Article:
Greetings to the Expedition

(2016-03-11) Erik Thorsby, a notable Norwegian scientist, sends his greetings to the Kon-Tiki2 Expedition:
First of all my congratulations! For the first time you showed that it is possible to sail by a copy of an ancient Native American raft from South America directly to Easter Island. This in itself is a great achievement. In addition it gives further support to contacts between Eastern Polynesia and South America in pre-historic time.

You can read the full greeting, and greetings from Nadia Artemieva and P J Capelotti on the Kon-Tiki2 Greetings page.

Home to a hero's welcome

(2016-03-25) Several Kon-Tiki2 crew members, including Expedition leader Torgeir Higraff, landed in Oslo today, to a hero's welcome. Family and friends had gathered at the airport to greet the crew. In Norwegian tradition, flags were used to cheer the returning sailors, who were happy to be home after an extraordinary journey. In these pictures you can see Ola, Erik, Erlend in addition to Torgeir. Also, Håkon and Øyvin, crew members from the first leg, were present, and can be spotted.

Andrey, the Russian crew member on Tupac, did not arrive in Oslo, but he has written some closing remarks, well worth reading.


By Håkon

(2016-03-21) The Chilean Navy ship "Piloto Pardo" today entered the port of Talcahuano, near Conception, in Chile. All Kon-Tiki2 crew members are on board. While still at sea, but with cellphone connectivity, Expedition leader Torgeir Higraff expressed heartfelt sadness for not arriving by raft, as he has been planning for years. However, he also expressed gratitude for everyone being safe thanks to the Chilean Navy and the Hokietsu Ushaka freight ship. In the hours to come, the crew will transfer to a local hotel and have debriefing sessions. And probably a good meal, prepared on land, for the first time in 74 days.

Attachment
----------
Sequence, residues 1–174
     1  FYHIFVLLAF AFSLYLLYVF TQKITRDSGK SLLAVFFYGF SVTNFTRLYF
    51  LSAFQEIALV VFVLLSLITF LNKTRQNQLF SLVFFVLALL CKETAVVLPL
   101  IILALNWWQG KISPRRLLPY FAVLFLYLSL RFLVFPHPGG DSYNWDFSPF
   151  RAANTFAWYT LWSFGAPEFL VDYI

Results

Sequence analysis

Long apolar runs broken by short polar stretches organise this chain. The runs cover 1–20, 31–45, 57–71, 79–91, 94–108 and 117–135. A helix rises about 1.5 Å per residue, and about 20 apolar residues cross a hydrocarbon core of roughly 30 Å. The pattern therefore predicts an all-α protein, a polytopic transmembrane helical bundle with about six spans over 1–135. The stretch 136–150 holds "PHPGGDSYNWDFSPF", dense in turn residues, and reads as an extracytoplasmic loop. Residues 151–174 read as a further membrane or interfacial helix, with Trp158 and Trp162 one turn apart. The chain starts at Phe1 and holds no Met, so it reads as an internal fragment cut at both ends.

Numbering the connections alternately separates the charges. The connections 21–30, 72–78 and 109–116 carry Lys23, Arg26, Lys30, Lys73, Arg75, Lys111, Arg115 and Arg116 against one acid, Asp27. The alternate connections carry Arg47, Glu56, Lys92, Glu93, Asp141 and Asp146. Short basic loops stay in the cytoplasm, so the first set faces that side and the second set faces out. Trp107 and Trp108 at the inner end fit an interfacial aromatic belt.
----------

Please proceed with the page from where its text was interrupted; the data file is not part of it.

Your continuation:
Maori power!

(2016-03-20) Lisa, one of the Kon-Tiki2 crew members, was injured when being evacuated from the Rahiti Tane raft. Read Liv's description of what happened and how Lisa continued the climb to the deck of Hokuetsu Ushaka.

From ship to ship with gratitude

By Torgeir

(2016-03-19) After two days on the cargo ship, the Kon-Tiki crew and the scientific equipment from Tupac are now with the crew of 43 people on the coast guard ship Pilot Pardo. We have been rescued twice this week and I think my fellow Kon-Tiki2 crew members share my opinion that both rescue operations were perfectly executed. My gratitude goes firstly to Captain Yun Sun Gug from South Korea who made us feel as home in Hokietsu Ushaka. He was rescued himself in the Indian Ocean 41 years ago when his ship sank early in his career. I know what it is like, I understand how you feel, the veteran told us in a moving speech yesterday. In those days we did not have communication like now, we only had morse. My wife and daughter suffered a lot for 20 days before they got to know that I was okey. In comparison we talk with our family with our tablets, thanks to our Opera Software sponsorship. I will never forget Yun and his crew.

In Pilot Pardo we had chicken for lunch and were served wine. Now we rest in good beds and enjoy Chilean professional rescue standards. These men really know what they are doing. It took only a few minutes to bring us into the RIB boat and from this we were lifted up in the air and to the stairs that lead us onboard the 80 meter long ship. Talcahuano is their home port, some 450km south of Santiago. We'll be there Monday at 10am.

[In the pictures, you can see Captain Yun Sun Gug with Torgeir; a picture from the transfer to Pilot Pardo; the rescued Norwegian flag onboard Pilot Pardo along with recognizable crew members Lisa, Andrey and Pedro. Finally, Torgeir with the officers on Pilot Pardo]

Safe and sound, thanks to the Armada

By Torgeir

12-Torgeir-279A9418 12-Torgeir-FILE0078-1 12-Tupak-279A9269-1 12-Tupak-279A9272-1 12-Tupak-279A9289 12-Tupak-279A9308